We found this little tidbit buried in an industry trade publication very interesting. It’s an announcement that private equity player Intermediate Capital Group (ICG) has invested in a New York-based HVAC company called Gil-Bar Industries. Gil-Bar appears to be a leading provider of HVAC solutions in the Tri-state area.
Why do we think this is interesting, you might ask? Well, we think it a signal of things to come in the local space. After all, HVAC is about as local as it gets. Granted that Gil-Bar is much bigger than most people’s image of the one-truck HVAC guy who rolls out of bed and handles whatever residential crisis arises that day. Yet it’s still very interesting to us that a company like Gil-Bar is searching for scale. That’s how the company plans to use its new capital investment from ICG.
Here’s what Joe Sbarra (no relation to the pizza joint) Gil-Bar’s founding partner at Gil-Bar had to say. “We are very pleased to partner with ICG as we move into the next phase of Gil-Bar’s evolution. Gil-Bar is well-positioned for the future, and with ICG’s capital and experience, I am excited about what we can achieve together.”
Shedding Its Blue-Collar Image
Seems like Gil-Bar is on an acquisition path. For example, it acquired a company called GBS Limited last year. To us, this also suggests that HVAC — once firmly in the blue-collar domain — is moving into the age of technology.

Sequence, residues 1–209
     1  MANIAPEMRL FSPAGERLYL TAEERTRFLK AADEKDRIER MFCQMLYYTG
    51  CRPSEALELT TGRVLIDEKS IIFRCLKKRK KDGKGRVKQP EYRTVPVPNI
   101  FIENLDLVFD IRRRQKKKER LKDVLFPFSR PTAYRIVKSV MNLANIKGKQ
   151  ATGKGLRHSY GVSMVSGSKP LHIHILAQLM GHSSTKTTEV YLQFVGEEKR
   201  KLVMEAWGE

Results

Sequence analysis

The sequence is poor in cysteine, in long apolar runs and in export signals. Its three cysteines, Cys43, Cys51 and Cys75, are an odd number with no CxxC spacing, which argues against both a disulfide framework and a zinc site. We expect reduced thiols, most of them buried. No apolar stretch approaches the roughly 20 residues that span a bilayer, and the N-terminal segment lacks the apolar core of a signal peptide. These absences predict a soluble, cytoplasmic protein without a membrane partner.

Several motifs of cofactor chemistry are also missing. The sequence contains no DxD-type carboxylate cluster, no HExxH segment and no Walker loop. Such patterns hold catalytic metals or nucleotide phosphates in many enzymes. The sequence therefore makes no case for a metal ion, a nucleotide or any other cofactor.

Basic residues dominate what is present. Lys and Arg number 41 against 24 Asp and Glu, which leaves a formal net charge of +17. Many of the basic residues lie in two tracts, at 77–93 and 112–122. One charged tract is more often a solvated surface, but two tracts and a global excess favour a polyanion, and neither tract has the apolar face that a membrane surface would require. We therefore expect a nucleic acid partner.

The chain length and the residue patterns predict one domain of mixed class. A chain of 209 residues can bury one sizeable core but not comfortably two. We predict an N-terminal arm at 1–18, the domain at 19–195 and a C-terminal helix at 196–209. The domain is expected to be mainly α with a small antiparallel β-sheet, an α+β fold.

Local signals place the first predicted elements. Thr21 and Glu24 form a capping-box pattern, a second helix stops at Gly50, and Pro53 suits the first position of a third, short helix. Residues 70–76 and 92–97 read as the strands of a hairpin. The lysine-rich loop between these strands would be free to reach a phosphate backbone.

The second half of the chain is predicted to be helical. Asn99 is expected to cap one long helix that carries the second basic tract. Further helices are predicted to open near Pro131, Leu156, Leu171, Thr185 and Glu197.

Twenty years ago an HVAC operator cared more about making sure the heating ducts were clean. Today an HVAC operator is likely more concerned with making sure the sensors on the A/C unit are sending the right signals so that they can proactively address any maintenance situations that arise. This means that a mix of blue and white-collar employees will be necessary for a company like Gil-Bar to succeed.
We’d expect Gil-Bar to be looking for additional opportunities for geographic expansion in the greater Northeast. What does that mean for local operators? We think it means that they should be implementing as much new technology as possible for running the business in order to be in the consideration set for a company like Gil-Bar or others going in the same direction.
For a long time, we’ve predicted a massive turnover in the leadership of local service businesses. After all, an entire generation – the Baby Boomers – is contemplating retirement. Getting ready for this transition has got to be a pressing concern for many local service providers. From the town dentist to the HVAC provider to the dry cleaner.
We continue to believe that upgrading a business’s technology stack will yield a better return when it’s time to sell. And the data suggests that some local service providers might finally be clued in to the same belief. It will be interesting to see if other local service sectors follow the path of at least this one New York HVAC provider.